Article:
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New Project Makes Breakthrough in Robotic Surgery

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New Project Makes Breakthrough in Robotic Surgery

Autonomous and self-driving​ cars will save many lives in the future. It only stands to reason that autonomous surgeons could avoid human error too. Here's one system that shows a great deal of promise.

· IoT Zone
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robotic-surgeon

Robotic surgery is a topic I’ve written about a few times, whether it’s the development of a more tactile robotic surgeon that’s been developed by researchers at the John A. Paulson School of Engineering and Applied Science and the Wyss Institute for Biologically Inspired Engineering, or even the Californian start-up that’s taking robotic surgery inside the body.

It’s clear that significant strides are being made, with the latest being the Smart Tissue Autonomous Robot (STAR) that’s been developed by a team in Washington D.C.

Just as with the Wyss team, they have been working on increasing the capability of the robot to perform nimble and delicate procedures, with the eventual aim being to supersede that of even the best human surgeons.

Dexterous Robotics

The team uses 3D imaging and impressive force sensing capabilities to stitch wounds to a submillimeter level of precision.  It was created using experienced surgeons as teachers, with the eventual aim of surpassing the capabilities of its mentors.

The project, which has been documented in a recently published paper, offers the tantalizing prospect of automated and hugely accomplished surgeon to perform the 45 million or so such operations undertaken in the US alone each year.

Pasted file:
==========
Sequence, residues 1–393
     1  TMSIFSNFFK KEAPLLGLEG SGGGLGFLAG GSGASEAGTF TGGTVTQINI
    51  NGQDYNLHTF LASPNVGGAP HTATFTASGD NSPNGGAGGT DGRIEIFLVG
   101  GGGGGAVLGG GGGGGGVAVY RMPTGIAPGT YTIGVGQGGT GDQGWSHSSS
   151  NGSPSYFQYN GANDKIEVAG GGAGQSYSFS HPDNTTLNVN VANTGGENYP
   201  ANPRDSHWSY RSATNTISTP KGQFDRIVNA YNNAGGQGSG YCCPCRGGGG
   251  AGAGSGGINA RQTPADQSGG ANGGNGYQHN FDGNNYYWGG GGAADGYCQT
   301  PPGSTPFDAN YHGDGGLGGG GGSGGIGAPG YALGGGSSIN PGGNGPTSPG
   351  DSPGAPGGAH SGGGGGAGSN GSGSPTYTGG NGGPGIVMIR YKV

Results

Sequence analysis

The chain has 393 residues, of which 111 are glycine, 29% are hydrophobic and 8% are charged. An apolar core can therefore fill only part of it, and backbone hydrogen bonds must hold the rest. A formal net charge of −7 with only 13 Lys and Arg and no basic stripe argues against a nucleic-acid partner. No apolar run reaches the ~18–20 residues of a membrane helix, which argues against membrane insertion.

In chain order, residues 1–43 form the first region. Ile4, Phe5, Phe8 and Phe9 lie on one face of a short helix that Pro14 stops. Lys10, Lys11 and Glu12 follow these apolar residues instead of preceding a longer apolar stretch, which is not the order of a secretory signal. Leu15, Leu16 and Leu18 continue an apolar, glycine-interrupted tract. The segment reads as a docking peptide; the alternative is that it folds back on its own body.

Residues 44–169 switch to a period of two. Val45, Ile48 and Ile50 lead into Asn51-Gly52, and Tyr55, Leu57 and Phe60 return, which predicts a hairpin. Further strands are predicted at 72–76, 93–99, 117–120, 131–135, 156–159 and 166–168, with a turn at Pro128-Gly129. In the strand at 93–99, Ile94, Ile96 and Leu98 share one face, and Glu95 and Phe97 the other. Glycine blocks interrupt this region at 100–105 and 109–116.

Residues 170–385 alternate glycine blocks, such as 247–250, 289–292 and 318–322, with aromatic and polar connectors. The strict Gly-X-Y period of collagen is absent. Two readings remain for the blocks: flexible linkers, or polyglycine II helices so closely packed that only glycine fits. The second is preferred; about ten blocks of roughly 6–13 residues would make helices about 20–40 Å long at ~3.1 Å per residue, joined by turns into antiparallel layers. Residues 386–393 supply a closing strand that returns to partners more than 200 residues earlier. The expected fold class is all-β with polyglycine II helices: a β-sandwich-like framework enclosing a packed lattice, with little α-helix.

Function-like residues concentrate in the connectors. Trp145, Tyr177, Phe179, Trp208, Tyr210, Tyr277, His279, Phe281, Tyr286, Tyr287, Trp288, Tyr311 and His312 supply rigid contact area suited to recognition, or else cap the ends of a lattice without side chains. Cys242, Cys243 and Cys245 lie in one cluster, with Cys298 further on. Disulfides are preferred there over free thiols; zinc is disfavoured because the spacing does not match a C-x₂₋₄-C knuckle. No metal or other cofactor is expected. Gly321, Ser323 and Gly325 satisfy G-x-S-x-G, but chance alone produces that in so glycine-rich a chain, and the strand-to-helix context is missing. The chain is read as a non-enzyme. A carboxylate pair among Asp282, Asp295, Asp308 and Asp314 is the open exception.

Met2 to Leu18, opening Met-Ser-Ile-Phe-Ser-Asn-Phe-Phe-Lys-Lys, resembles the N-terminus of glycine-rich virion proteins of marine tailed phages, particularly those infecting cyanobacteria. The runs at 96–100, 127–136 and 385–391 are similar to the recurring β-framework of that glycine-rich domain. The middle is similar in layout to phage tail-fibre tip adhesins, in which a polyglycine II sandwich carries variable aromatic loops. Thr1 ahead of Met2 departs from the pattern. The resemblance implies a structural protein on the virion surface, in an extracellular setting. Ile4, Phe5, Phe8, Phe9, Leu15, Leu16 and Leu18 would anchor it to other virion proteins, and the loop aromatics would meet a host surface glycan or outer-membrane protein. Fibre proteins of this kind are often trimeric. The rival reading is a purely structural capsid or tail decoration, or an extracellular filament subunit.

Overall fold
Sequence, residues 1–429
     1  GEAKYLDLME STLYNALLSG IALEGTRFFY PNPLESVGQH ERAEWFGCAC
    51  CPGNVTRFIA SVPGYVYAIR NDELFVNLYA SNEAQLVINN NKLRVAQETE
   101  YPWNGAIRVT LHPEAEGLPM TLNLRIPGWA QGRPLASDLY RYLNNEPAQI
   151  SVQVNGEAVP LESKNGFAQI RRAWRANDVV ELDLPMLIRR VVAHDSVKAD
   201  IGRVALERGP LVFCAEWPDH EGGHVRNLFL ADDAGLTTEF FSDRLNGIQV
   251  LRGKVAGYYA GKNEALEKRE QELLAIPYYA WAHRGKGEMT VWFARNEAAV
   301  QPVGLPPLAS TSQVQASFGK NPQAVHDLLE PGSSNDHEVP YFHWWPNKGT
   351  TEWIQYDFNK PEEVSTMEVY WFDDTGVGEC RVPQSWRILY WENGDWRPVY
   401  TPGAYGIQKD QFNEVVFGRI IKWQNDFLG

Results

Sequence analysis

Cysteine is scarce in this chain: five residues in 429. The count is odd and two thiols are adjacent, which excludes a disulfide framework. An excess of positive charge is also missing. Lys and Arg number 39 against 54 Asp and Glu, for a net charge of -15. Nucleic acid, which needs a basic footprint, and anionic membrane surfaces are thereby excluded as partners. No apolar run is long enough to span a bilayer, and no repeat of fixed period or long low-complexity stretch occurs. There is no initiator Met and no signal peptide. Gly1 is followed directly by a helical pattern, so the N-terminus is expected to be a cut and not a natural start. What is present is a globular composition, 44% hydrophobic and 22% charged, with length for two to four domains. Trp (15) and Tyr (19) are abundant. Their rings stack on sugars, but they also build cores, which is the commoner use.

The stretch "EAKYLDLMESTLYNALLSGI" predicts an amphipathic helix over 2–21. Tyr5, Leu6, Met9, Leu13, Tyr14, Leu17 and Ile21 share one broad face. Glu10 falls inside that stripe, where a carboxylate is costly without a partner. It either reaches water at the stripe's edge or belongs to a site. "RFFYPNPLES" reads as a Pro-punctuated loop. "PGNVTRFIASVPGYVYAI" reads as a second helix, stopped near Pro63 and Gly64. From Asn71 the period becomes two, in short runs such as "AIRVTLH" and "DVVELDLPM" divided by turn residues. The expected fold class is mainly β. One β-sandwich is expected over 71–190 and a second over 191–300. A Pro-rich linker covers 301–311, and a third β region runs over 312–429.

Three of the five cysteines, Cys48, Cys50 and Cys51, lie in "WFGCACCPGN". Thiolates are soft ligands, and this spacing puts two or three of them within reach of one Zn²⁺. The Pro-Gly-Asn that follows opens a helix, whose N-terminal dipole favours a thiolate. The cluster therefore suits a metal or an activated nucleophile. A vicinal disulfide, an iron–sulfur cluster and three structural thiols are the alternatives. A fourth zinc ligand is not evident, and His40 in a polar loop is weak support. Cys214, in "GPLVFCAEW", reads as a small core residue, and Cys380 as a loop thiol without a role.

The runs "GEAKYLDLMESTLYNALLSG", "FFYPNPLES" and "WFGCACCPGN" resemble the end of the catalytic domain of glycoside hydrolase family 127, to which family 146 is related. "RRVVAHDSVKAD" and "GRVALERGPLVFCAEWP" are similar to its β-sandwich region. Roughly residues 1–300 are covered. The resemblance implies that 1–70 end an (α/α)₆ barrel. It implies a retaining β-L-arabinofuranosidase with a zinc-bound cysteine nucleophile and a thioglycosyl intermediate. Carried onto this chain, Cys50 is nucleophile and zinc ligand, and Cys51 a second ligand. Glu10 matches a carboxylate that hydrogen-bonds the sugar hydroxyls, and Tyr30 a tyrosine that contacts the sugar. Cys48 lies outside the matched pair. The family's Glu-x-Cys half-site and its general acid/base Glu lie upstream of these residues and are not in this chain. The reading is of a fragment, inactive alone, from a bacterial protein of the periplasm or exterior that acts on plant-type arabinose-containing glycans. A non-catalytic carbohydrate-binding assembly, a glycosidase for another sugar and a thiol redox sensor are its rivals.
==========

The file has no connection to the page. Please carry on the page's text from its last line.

The developers believe that their system allows patients to receive the very best care, regardless of where they are, as the machine will operate at a consistent level and be able to absorb the latest thinking in double quick time.

Suffice to say, we are still unlikely to get to a scenario where the surgeon is removed from the equation altogether, as STAR still requires a human surgeon to oversee its work and step in should they be required.

Nonetheless, it does provide a glimpse of the direction of travel, and with improvements being made all the time, such systems will only get better at performing the kind of jobs previously reserved for only the most highly skilled of humans.

Check out the video below to see STAR in action on a pig’s liver.


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Topics:
robot ,surgery ,3d

Published at DZone with permission of Adi Gaskell, DZone MVB. See the original article here.

Opinions expressed by DZone contributors are their own.

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